Space station company Vast’s acquisition of startup Launcher will give it access to a space tug to build a permanently habitable space station in low Earth orbit.

VAST Space Systems, a space station startup, has recently announced the acquisition of Launcher, a rocket manufacturing company. This acquisition will allow VAST to develop their own rockets to launch payloads into orbit and to provide transportation services to their own space stations.

In a statement, VAST CEO, Dylan Taylor, expressed his excitement about the acquisition and the potential it holds for the company. “The acquisition of Launcher represents a major milestone for VAST as we look to expand our capabilities in space,” said Taylor. “With Launcher’s innovative rocket technology and our own unique approach to space station design, we are poised to revolutionize the way that humans live and work in space.”

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Low-Earth orbit: A launchpad for Europe’s spacetech startups

Satellites going, up to the skies

Low Earth orbit (LEO) is a popular destination for space tech startups due to its proximity to Earth and the potential for new innovations. In Europe, several companies are exploring the possibility of launching LEO launchpads to support these startups.

One such company is Isar Aerospace, a German startup that is developing a rocket capable of launching small satellites into LEO. CEO Daniel Metzler believes that LEO is the “next frontier for space tech startups,” and sees Isar Aerospace as a key player in this emerging market.

Another company, UK-based Orbex, is developing a 3D-printed rocket called Prime that is designed to launch small satellites into LEO. CEO Chris Larmour sees LEO as a “game-changer” for the industry and believes that Orbex can help European startups compete with larger US-based companies.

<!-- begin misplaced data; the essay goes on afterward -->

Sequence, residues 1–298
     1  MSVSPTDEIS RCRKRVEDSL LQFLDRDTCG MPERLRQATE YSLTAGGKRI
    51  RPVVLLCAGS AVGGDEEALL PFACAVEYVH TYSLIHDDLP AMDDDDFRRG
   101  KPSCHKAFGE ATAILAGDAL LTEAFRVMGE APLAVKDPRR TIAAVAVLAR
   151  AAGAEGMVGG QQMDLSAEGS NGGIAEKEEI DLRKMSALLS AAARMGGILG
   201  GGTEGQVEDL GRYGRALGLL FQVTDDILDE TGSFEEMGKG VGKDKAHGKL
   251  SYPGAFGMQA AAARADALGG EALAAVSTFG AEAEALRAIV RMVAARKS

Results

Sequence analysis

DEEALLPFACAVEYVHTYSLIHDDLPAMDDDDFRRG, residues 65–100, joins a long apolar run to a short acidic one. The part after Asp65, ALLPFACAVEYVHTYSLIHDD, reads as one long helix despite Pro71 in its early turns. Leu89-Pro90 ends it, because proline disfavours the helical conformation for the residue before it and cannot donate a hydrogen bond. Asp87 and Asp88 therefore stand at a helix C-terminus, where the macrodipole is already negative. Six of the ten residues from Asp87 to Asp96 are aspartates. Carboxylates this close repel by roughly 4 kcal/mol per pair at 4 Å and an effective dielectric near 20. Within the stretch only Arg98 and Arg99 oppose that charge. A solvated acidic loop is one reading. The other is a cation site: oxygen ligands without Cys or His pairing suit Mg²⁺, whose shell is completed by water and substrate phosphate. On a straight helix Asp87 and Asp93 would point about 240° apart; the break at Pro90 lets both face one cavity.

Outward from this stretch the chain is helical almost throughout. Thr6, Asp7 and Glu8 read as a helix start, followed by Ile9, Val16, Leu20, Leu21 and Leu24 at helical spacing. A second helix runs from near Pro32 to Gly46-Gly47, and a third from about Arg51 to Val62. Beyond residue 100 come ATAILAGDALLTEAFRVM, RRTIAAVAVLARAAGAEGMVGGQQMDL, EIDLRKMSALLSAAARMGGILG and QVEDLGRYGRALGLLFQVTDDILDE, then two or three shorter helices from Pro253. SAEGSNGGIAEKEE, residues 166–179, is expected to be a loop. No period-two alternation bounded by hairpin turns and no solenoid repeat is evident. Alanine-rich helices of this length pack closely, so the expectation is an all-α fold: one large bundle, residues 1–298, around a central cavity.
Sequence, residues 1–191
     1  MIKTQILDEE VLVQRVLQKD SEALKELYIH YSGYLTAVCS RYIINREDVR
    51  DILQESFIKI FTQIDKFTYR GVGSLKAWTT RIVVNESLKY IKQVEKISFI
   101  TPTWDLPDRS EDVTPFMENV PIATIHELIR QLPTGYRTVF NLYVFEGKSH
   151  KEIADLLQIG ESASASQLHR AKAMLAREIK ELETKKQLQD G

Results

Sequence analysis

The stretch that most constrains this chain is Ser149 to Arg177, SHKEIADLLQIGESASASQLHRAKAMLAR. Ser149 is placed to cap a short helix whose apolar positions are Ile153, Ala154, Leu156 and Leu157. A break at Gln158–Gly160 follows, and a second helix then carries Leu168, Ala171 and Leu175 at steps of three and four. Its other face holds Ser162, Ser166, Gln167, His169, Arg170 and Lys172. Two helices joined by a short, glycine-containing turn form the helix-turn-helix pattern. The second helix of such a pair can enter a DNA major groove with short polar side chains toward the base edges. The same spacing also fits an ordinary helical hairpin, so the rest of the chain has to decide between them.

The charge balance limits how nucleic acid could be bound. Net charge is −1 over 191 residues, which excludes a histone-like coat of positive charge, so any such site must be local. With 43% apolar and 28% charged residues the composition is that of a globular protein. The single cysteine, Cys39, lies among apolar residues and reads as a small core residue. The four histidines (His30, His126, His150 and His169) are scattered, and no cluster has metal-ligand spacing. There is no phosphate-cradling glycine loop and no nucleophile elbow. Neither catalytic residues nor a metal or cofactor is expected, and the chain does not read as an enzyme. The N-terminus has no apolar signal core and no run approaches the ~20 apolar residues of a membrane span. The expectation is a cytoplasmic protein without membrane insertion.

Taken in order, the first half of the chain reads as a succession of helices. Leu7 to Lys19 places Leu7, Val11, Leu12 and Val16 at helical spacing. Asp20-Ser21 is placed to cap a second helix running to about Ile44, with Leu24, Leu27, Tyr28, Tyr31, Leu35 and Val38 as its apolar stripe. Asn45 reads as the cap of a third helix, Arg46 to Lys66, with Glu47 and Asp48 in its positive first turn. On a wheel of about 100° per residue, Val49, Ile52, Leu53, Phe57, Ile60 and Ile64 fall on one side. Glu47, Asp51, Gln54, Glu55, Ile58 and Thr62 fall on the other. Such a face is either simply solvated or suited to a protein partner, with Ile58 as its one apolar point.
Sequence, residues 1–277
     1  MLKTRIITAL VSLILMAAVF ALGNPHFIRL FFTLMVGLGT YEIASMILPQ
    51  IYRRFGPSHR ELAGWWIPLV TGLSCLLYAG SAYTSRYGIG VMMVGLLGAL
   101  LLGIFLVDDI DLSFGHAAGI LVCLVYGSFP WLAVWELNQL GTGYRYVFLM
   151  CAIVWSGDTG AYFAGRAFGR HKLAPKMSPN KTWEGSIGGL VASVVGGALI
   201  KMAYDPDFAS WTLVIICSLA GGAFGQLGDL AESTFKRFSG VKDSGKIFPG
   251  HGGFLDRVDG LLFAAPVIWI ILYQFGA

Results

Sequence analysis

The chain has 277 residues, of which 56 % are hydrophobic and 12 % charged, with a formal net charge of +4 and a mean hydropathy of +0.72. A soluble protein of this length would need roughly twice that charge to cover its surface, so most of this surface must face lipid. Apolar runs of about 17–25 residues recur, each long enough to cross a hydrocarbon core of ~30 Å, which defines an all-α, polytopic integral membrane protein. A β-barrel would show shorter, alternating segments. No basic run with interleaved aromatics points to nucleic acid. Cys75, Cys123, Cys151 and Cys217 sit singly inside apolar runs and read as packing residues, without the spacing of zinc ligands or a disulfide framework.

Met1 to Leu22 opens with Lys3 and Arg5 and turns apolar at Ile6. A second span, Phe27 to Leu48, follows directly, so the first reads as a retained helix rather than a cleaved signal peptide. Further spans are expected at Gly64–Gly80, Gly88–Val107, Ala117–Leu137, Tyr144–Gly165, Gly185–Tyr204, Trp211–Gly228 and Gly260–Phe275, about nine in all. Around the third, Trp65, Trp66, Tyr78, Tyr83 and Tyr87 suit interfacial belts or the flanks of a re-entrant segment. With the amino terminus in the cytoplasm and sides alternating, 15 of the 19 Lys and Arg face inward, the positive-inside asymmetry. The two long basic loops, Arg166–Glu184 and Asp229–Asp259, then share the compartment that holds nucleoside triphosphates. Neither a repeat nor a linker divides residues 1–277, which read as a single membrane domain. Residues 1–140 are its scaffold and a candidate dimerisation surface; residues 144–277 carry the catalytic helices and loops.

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Japanese startup announces balloon flights taking passengers up to space

A Japanese startup announced plans Tuesday to launch commercial space viewing balloon flights that it hopes will bring an otherwise astronomically expensive experience down to Earth.

The company plans to use high-altitude balloons to carry people and payloads to an altitude of approximately 100,000 feet (30,480 meters), which is above the Earth’s atmosphere.

The balloons will be equipped with a pressurized cabin that can accommodate up to eight passengers and two pilots. The cabin will be designed to provide a comfortable environment for the passengers during the flight, which is expected to last for approximately two hours.

Space BD is currently working on developing the technology required for the balloon flights, including the balloons themselves, the pressurized cabin, and the propulsion system. The company has partnered with several other organizations, including the Japan Aerospace Exploration Agency (JAXA) and the University of Tokyo, to help develop the technology.

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Discover the Hidden Patterns of Tomorrow with Futurist Thomas Frey
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By delving into the futuring techniques of Futurist Thomas Frey, you’ll embark on an enlightening journey.